Schaubach, Education Minnesota pushing for school funding
WORTHINGTON -- Long a leader in education, Minnesota needs to rededicate itself against a decline, says Judy Schaubach, President of Education Minnesota.
Schaubach, who was in Worthington Monday to host the last of 15 Education Minnesota "Schools First!" public listening sessions, compared the state of Minnesota education to the proverbial frying frog during a visit to the Daily Globe. A frog, the story goes, will leap out of the pan and to safety when it is heated rapidly. But when heat is applied slowly, it is unable to understand the danger until it is too late.
"We've been resting on our laurels in this state because we've done so well," she said. "I think in some respects we're kind of slowly boiling the frog in our educational system. And I think if we're not careful, we're going to have a dead frog."
During the 2006 legislative session, Education Minnesota -- the state's top educators' union -- will lobby lawmakers to pay back money borrowed from school districts to balance the budget. The group will also push the Legislature to enact statewide health insurance for all school employees and to pass a supplemental budget providing more financial help for students in higher education.
Schaubach does not support Gov. Tim Pawlenty's proposal to require that every district pour at least 70 percent of expenditures into classroom instruction.
"It doesn't do anything to really address the question," she said. "That assumes there's waste in the system. It's really about rearranging the chairs on the deck to avoid the real issue, which is inadequate funding."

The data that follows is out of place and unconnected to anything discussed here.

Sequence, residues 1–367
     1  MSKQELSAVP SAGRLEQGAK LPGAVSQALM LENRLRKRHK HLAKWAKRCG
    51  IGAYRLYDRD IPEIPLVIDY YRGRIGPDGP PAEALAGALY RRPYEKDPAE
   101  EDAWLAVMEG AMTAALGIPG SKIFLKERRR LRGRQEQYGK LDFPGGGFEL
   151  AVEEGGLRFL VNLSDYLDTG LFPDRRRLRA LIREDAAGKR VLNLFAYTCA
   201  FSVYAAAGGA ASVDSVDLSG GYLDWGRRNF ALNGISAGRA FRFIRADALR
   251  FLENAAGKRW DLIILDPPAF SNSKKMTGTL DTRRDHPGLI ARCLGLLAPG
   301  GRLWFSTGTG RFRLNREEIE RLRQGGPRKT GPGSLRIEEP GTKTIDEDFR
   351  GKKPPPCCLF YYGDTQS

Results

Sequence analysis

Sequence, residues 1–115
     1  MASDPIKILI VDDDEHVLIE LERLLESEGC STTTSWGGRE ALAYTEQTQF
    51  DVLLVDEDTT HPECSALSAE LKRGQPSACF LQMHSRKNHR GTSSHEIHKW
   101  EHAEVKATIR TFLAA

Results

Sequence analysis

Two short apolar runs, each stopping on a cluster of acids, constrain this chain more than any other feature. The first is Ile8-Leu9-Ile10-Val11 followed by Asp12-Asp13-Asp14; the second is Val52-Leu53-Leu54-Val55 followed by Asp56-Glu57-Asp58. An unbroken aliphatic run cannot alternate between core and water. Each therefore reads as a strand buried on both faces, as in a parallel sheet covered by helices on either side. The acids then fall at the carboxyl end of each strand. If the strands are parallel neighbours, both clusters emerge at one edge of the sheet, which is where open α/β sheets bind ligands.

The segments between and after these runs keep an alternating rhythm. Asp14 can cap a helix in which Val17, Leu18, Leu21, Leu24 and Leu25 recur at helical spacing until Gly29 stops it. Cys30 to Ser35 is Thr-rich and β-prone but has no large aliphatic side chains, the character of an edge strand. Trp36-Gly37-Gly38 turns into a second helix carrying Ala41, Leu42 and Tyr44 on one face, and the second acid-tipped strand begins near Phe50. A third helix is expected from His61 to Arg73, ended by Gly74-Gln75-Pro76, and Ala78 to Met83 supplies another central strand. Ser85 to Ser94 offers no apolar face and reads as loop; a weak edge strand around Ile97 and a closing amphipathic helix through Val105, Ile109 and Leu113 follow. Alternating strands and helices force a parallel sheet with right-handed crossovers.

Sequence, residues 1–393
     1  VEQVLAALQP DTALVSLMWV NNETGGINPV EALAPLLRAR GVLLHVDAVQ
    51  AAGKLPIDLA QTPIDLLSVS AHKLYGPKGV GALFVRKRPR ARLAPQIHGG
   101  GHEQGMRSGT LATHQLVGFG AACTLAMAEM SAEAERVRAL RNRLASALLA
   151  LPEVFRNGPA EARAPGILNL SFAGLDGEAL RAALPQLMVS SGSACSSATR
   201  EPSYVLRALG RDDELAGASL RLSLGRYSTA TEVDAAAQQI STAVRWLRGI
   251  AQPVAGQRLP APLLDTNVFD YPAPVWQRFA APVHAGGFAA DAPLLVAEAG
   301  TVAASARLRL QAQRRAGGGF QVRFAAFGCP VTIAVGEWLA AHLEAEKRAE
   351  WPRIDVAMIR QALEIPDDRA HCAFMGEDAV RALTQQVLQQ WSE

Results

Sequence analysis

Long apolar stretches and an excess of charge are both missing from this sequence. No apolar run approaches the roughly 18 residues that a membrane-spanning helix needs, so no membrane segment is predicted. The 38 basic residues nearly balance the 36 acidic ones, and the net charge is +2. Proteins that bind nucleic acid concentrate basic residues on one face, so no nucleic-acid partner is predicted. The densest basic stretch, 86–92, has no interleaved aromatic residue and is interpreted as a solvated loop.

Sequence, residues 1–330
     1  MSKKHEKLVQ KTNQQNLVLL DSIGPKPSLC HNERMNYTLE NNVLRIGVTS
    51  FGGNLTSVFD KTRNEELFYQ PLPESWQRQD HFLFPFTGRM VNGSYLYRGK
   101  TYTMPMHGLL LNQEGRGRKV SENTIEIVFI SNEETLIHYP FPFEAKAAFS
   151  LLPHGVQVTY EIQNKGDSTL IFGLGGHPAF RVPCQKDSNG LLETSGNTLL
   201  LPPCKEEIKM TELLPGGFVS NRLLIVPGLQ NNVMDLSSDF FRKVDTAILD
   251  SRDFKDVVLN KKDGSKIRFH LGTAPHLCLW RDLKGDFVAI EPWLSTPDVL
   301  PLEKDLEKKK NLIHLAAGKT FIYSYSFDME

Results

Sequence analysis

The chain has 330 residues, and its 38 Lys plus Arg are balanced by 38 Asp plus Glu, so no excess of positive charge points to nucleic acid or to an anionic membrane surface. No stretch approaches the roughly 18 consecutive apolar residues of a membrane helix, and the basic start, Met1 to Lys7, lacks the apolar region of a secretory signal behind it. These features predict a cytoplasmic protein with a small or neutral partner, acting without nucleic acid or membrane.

Public school districts are facing ongoing challenges in funding, maintaining class sizes, and dealing with declining enrollments and diversity. Meanwhile, health care, transportation, heating, maintenance and special education costs are increasing, Schaubach said.
The Education Minnesota listening sessions, she added, were installed to get the public engaged.
"(Insufficient school funding) isn't the school boards' fault," Schaubach said. "Ultimately, in this state, we have to find a stable, predictable funding mechanism for our schools. How much is enough? I know it's not enough when we've got 39 students in class, we're cutting electives and we're cutting all-day kindergarten."
She said she has been encouraged by the public's input at the listening sessions. In Duluth, a man arrived an hour ahead of schedule because he was so concerned about the loss of vocational programs. In Mankato, two students brought along their mothers to hammer home their concern over large class sizes.
Worthington, with its sizable segment of non-English speaking students, is an important community to hear feedback from, Schaubach said.
"Worthington has sort of become an example of an urban center in the heart of Minnesota," she explained. "It does exemplify the complexity of trying to reach all students. ... There is a belief that in two fast years, you're going to get everybody to full proficiency. And that just doesn't happen. You really need a full five years in most cases."